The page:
Australia 2016> See concert details...
The Age, Australia – “A glowing achievement”
As on their 2010 Musica Viva tour, this excellent choral body began with Arvo Pärt’s Bogoróditse Djévo, the deft balance and shape of this atmospheric prayer showing evidence of director Stephen Layton’s painstaking preparation. Not that he appeared straight away: the Cambridge singers negotiated the Pärt, Byrd and Purcell anthems as well as the Salvator mundi motet by Tallis without a conductor, singing – as for the entire program – from memory, a remarkable feat of concentration.
Layton took the night’s focus firmly away from past English choral glories to highlight recently-written works, like Trinity favourite Pawel Lukaszewski’s slow-burn Nunc dimittis setting and Joseph Twist’s Hymn of Ancient Lands, written for this tour and giving these singers a congenial, non-challenging vehicle.
More impressive music-making came through Eric Whitacre’s setting of the E. E. Cummings prayer/canticle i thank you God for this amazing day: a gift for any choir but accomplished with splendid sympathy and commitment by these 35 choristers.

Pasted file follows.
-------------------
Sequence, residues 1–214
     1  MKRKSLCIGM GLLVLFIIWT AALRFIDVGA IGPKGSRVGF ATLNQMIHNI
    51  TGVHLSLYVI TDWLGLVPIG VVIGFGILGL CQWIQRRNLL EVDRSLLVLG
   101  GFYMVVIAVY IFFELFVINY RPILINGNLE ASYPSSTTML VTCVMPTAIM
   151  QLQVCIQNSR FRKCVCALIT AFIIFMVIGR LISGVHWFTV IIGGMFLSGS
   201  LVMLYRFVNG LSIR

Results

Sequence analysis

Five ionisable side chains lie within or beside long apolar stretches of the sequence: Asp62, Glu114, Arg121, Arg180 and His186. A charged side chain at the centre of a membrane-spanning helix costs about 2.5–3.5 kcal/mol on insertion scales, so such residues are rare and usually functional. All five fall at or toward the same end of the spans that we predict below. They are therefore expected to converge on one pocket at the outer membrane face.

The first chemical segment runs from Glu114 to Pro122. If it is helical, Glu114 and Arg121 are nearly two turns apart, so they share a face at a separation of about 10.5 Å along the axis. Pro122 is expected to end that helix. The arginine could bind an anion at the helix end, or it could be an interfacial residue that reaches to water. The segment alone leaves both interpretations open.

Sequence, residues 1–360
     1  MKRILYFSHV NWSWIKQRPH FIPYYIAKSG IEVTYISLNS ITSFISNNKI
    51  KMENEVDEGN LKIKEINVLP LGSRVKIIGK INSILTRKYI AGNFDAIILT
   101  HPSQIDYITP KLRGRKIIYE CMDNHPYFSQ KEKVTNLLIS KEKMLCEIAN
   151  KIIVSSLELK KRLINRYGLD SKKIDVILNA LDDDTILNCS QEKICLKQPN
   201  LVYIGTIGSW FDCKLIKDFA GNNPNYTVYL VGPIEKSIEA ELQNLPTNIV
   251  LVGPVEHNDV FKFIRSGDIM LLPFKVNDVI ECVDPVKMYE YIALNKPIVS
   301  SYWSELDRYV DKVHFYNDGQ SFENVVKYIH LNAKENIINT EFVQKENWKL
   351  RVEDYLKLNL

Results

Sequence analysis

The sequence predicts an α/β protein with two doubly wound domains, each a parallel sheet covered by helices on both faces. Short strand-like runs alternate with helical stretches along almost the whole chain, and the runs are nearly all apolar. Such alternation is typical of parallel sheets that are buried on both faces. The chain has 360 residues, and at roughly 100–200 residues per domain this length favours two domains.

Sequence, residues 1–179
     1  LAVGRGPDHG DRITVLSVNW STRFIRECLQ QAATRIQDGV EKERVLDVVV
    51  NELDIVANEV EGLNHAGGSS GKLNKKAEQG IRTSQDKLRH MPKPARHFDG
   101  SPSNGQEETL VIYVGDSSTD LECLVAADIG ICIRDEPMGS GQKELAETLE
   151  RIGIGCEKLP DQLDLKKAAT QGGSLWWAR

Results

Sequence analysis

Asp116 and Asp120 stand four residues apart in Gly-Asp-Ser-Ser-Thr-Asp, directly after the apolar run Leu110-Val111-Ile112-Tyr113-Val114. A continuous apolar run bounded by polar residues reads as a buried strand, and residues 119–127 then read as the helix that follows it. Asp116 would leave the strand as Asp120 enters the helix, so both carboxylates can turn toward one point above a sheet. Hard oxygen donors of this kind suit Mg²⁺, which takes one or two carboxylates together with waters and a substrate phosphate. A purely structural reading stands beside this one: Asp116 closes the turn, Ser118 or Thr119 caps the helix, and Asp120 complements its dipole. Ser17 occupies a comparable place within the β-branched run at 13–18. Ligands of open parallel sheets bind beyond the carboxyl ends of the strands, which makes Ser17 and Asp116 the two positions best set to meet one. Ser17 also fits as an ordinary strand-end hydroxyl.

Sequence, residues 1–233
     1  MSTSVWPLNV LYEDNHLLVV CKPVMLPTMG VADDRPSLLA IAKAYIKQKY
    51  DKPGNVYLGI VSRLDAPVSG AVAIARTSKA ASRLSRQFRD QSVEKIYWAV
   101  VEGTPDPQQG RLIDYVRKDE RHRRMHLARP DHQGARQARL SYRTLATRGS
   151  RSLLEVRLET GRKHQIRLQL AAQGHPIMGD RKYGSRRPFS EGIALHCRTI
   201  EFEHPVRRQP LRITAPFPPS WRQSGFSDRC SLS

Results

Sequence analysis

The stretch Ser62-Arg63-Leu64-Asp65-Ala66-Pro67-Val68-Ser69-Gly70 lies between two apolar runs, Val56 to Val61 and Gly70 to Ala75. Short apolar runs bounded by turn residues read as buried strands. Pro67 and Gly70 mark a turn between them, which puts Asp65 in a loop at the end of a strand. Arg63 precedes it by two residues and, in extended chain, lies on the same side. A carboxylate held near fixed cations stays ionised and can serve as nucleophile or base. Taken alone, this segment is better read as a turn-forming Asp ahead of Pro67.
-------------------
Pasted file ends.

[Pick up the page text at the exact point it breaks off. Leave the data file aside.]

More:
The main work, Frank Martin’s Mass for Unaccompanied Double Choir, proved a glowing achievement, each movement improving on its predecessor. In the Murdoch Hall’s revealing acoustic, this choir displayed faultless responsiveness and articulation, exposing clearly (for once) the striking interweaving textures of the two bodies involved while negotiating the work’s difficulties with unflappable assurance.
Layton is fortunate in controlling a sterling set of musicians who react to each line but do so with one mind. Hearing the Trinity Choir rather spoils you because they operate at such a high, sustained level of excellence.